Informed consent and confidentiality are required for all investigations, and the advantages should clearly outweigh any dangers or disadvantages.
Blood tests can help determine disease states, but should be requested only when clinically indicated. There is always a danger of needlestick injury. Furthermore, abnormal ‘blood results’ do not always mean disease and false-positive results are possible. Serum is used for assaying antibodies, which can help diagnose infections and autoimmune disorders, and for assaying most biochemical substances (e.g. ‘liver enzymes’).
Microbiological diagnosis is based on either demonstration of the microorganism or its components (antigens or nucleic acids) directly in samples or tissues, which are best used as results are speedily obtained. The demonstration in the serum of a specific antibody response can be helpful.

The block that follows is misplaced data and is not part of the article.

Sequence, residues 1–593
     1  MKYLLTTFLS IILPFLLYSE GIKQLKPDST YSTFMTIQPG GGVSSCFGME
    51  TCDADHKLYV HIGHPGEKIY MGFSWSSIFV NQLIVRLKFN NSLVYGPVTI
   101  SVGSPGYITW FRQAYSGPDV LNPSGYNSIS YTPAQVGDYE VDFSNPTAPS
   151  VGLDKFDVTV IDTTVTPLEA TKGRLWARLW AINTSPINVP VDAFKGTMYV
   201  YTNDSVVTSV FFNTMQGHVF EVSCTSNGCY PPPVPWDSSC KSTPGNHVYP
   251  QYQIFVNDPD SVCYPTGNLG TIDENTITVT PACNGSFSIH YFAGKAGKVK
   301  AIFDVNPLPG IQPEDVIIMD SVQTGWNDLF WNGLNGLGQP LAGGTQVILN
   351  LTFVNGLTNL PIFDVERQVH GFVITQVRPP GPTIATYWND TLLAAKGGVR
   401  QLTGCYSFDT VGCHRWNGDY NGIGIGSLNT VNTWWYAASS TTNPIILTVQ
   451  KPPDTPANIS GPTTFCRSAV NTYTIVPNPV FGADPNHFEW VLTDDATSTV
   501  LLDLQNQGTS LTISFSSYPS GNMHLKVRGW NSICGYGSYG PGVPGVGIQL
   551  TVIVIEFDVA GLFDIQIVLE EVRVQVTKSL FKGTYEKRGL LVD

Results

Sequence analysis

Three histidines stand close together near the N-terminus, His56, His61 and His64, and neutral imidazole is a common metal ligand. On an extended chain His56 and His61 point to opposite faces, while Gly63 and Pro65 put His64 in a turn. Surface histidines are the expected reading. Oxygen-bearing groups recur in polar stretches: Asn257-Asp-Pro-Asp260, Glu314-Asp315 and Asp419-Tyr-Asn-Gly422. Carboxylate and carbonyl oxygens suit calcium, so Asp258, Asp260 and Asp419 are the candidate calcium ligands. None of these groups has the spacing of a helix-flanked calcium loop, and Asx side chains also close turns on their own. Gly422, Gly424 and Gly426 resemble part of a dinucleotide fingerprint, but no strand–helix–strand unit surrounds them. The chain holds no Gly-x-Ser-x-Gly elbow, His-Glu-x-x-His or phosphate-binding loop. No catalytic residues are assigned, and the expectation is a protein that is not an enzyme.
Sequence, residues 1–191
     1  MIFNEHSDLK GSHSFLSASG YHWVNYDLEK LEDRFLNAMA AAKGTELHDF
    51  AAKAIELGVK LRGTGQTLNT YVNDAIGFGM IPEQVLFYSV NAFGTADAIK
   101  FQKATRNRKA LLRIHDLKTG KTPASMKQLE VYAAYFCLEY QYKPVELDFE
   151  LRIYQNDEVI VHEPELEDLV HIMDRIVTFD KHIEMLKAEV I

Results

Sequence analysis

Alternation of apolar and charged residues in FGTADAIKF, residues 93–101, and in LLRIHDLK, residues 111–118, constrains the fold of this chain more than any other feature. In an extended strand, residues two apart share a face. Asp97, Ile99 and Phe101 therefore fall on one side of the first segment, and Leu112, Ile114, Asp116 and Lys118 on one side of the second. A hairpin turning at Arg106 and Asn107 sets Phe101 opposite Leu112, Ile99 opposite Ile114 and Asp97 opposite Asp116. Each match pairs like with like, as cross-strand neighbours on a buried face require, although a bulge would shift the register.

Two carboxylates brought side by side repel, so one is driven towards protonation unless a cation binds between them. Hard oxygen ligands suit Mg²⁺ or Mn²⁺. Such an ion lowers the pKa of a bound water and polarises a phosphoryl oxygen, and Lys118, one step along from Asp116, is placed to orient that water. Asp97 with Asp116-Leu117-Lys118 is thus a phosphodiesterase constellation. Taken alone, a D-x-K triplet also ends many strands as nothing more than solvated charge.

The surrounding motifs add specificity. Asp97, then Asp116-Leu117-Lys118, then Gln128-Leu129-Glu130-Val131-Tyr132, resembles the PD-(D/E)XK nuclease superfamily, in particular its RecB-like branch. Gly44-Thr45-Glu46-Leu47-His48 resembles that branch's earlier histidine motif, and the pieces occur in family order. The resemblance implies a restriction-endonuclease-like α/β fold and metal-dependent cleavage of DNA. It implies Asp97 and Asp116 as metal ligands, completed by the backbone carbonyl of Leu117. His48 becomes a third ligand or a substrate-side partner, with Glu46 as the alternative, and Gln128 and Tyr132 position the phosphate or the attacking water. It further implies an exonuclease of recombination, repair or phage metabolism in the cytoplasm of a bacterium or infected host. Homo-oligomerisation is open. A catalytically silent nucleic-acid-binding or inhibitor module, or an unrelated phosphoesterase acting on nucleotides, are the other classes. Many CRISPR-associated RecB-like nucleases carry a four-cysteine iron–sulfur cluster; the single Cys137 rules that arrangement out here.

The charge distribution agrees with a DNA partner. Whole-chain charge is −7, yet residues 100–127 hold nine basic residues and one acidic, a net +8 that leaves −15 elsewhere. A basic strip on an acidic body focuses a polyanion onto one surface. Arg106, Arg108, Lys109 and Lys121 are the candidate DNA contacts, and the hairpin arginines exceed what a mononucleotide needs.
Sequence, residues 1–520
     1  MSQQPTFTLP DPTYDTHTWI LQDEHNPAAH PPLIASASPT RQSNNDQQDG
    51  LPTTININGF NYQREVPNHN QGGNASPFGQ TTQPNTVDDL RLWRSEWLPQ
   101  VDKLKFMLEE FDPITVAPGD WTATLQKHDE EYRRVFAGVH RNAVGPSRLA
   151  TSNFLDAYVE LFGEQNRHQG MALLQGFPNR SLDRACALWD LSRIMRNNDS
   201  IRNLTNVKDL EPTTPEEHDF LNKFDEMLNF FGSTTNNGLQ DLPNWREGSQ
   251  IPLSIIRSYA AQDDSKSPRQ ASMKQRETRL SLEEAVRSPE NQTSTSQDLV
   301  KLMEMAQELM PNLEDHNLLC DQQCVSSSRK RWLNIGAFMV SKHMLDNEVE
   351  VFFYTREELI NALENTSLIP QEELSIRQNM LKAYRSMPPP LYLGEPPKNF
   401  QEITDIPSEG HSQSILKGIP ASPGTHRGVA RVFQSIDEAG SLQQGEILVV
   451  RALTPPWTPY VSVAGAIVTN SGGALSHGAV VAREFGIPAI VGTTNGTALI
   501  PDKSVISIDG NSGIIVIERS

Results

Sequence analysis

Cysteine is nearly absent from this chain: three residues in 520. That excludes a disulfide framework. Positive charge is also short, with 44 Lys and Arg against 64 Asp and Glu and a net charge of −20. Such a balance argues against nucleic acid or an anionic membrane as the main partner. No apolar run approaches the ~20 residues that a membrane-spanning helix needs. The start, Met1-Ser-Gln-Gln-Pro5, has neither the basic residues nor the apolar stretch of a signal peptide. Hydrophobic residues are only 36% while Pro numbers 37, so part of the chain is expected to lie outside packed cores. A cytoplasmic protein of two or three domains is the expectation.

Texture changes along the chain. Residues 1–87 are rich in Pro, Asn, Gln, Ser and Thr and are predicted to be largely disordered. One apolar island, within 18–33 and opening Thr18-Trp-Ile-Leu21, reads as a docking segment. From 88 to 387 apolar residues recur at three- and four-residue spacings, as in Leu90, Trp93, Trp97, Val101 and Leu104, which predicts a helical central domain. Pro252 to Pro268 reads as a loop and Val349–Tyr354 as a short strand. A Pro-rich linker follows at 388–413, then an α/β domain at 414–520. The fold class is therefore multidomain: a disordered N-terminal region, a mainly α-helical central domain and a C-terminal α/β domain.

Salivary flow determination
Unless the baseline salivary flow rate for an individual patient is known, it is impossible to be certain if there has been a reduction in salivary flow, since the salivary flow rate varies widely from person to person. Salivary flow rates also vary over time and so estimates should be taken on several occasions.
Normal and reference values are shown in Table 7.1.